It's hard to believe that we dropped our anchor here in Bahia San Carlos just over two weeks ago.
San Carlos Bay oasis
We never know how long we're going to spend at an anchorage...we just stay until we're ready to move on. Here in San Carlos, we've been enjoying being able to restock our larders for our extended trip up to the real boonies, by visiting grocery stores, the local tianguis (flea market), where I scored some more “used pants” - shorts made of quick-drying fabric that always come in handy - and even Walmart.
A friendly pelican
We also had our skin checked at the local medical clinic (no bad moles!) and got haircuts.
Hurricane Blanca arrived in our area as Tropical Storm Blanca, a shredded version of her former glory. We were ready for her, with our big anchor set in the sand and our floppy Code 0 headsail removed and stored below decks, secure in the hurricane hole that is Bahia San Carlos. Though she buffeted us with winds up to 35 knots for an entire day, that was all she had in her. Not even a drop of rain, which was kind of a bummer, as we had our deck brush out, ready to clean the decks and collect some fresh water. The rest of the time, the weather has been mostly sunny and often very hot and steamy.
When we arrived in San Carlos, we found that our friends Jeanne on Nereida, and Pat and Melodie on Starshine were already here. Oh boy, someone to play with! We also met Bill, from the boat Nada Mas, who has A CAR! He drove us to the Mexican cinema to see “San Andreas,” to dinner another night, and to the Walmart to get some heavy items, saving us from lugging them back on the bus. Thanks Bill! We've shared many meals with these guys at the local restaurants and aboard their boats.
The Port Captain's "office" (no one is there)
And, since they're going to be leaving their boats for an extended time - and because cruisers are like this - Jeanne, Pat and Melodie gave us their residual gallons of gasoline (for our dinghy) and diesel (for SCOOTS). Thanks guys!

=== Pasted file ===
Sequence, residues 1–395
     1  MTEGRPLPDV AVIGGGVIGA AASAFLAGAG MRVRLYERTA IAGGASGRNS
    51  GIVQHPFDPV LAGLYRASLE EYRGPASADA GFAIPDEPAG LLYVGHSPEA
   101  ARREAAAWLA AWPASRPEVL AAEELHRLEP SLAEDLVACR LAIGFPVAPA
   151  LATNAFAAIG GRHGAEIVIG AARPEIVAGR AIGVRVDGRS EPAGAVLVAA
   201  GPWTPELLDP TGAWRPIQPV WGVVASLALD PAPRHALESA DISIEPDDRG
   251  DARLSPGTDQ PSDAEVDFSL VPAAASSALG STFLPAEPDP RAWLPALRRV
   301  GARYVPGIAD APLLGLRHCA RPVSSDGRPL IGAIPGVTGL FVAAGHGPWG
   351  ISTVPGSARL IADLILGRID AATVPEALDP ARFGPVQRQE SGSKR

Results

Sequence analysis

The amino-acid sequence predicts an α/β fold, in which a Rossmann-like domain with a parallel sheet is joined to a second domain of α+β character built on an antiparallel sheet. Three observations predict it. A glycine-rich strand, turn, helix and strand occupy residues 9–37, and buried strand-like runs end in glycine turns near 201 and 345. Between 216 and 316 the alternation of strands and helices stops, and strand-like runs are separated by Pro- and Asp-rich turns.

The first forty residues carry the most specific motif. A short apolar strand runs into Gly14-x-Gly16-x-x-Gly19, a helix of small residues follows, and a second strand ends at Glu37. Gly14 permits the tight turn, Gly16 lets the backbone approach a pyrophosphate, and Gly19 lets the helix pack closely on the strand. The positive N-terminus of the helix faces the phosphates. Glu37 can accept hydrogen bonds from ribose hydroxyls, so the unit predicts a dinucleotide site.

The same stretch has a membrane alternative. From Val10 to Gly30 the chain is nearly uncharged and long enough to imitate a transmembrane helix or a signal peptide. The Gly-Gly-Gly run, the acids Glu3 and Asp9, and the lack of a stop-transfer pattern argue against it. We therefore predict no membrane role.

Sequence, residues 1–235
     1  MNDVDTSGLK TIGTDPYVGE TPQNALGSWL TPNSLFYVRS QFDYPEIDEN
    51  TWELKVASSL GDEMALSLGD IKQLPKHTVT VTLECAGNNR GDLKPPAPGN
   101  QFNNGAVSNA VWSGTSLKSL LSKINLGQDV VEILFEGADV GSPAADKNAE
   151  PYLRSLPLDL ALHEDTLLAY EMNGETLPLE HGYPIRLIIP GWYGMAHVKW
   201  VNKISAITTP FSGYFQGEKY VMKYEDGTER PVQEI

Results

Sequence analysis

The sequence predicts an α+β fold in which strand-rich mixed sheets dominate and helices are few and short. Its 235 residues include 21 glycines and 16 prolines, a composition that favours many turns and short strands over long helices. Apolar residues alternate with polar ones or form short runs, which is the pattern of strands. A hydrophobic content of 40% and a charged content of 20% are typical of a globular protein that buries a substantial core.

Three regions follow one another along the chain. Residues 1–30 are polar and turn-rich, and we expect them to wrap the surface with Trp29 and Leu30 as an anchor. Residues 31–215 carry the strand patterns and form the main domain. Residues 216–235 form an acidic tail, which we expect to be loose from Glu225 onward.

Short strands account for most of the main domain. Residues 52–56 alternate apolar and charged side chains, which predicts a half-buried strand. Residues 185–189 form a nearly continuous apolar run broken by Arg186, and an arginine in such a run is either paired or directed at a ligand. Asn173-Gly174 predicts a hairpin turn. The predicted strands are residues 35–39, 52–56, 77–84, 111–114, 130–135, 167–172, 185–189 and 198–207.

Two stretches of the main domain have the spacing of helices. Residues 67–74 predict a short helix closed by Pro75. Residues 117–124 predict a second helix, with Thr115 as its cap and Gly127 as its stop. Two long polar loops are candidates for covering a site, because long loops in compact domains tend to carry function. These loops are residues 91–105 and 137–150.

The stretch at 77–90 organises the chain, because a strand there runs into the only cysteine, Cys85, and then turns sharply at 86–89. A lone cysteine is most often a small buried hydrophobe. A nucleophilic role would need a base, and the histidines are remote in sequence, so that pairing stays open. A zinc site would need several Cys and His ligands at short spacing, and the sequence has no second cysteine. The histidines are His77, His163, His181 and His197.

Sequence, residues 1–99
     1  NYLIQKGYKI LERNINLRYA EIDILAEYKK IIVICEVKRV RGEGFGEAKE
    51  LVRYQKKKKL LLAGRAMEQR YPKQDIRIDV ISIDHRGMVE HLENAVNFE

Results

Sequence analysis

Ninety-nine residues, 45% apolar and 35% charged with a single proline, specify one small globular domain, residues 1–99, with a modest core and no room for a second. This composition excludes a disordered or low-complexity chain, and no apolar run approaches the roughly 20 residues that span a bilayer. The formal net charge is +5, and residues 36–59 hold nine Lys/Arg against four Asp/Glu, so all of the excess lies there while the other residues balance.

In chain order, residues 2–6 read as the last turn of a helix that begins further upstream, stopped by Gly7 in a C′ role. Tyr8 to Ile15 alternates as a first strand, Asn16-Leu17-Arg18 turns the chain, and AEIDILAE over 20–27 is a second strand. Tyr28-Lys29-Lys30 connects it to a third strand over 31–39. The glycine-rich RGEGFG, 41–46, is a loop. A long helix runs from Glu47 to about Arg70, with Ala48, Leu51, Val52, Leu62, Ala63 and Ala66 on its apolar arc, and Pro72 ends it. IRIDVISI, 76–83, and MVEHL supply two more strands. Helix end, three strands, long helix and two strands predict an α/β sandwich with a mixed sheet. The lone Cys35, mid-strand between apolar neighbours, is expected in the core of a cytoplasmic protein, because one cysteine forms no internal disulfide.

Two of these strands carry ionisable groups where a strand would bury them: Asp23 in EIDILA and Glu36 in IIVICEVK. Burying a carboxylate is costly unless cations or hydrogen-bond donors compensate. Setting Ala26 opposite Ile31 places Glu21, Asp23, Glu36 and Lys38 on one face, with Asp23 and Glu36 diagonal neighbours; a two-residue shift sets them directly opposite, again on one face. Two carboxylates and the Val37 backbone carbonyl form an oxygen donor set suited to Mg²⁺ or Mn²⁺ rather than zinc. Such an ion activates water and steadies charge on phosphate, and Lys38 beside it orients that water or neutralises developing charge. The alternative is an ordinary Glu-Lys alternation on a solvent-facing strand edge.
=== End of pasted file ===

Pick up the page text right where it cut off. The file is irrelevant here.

A grasshopper music afficionado
We played Mexican Train, and shared drinks and snacks, with Pat and Melodie a few times, which was really fun. We corrupted them by teaching them how to play the “mean” version of Mexican Train that we play with Morris and Debbie from s/v Impulsive. They may never go back to the nice version...They also invited us aboard Starshine to watch the movie “Captain Ron,” which we had never seen (and to enjoy brownies, ice cream with caramel sauce, and air conditioning). Good times!
One really hot day, we deployed, for the first time, the canvas sun shade that came with the boat. It took us a few minutes to figure out how to put it on, and where to tie it, but in the end, once it went up, the cabin temperature dropped about fifteen degrees. Ahhhh! That was really nice, especially when combined with the breeze that wafts over the bay. Old fashioned air conditioning!
We also had fun paddling around the bay in our kayak, reading, studying Spanish, and just sitting in the cockpit enjoying the scenery.
A pretty little beach
Even though the air temperatures have been inching up near 100 degrees, with the water temps running from the mid-80's to 90 degrees, we haven't been swimming here: there are lots of power boats that come and go from the marina and through the bay, and so the water, while being a lovely shade of turquoise, is not all that clean or clear.
Also, we've had a steady stream of blue bottle jellyfish floating past the boat each day – not particularly friendly swimming buddies.
Two blue meanies
When we weren't playing, Eric's skills have been in demand, helping some other cruisers to troubleshoot and solve problems with their radios and other electronics, and also fixing or upgrading things aboard SCOOTS. Since we've been here, he's repaired the light in the head (bathroom), replaced and siliconed the deck fill O-rings for the diesel and water, replaced the topping lift cable with a new Spectra rope, greased the head and fridge inlets, repaired the compass light, and plumbed in the fourth membrane for our watermaker. My contributions to SCOOTS included washing the boat; cleaning, polishing, and waxing the stainless fixtures and fittings on the deck; cleaning egret poop off the pulpit; sopping out the residual water in the bilge (again); and doing general household things.
And so, with only one more provisioning trip and a visit to the fuel dock between us and departure, we expect that we'll be moving along early this week. Where to? We're planning to sail about 15 miles up the coast to a little place called Bahia San Pedro, and then move along to another little anchorage called “Las Cocinas,” another 15 miles north of that. I say that we're “planning to” go there, because as cruisers, we like to be able to change our minds depending on the weather or just if someplace else seems like a better destination. And so we just might end up somewhere else instead. But that's ok. It's all part of the fun.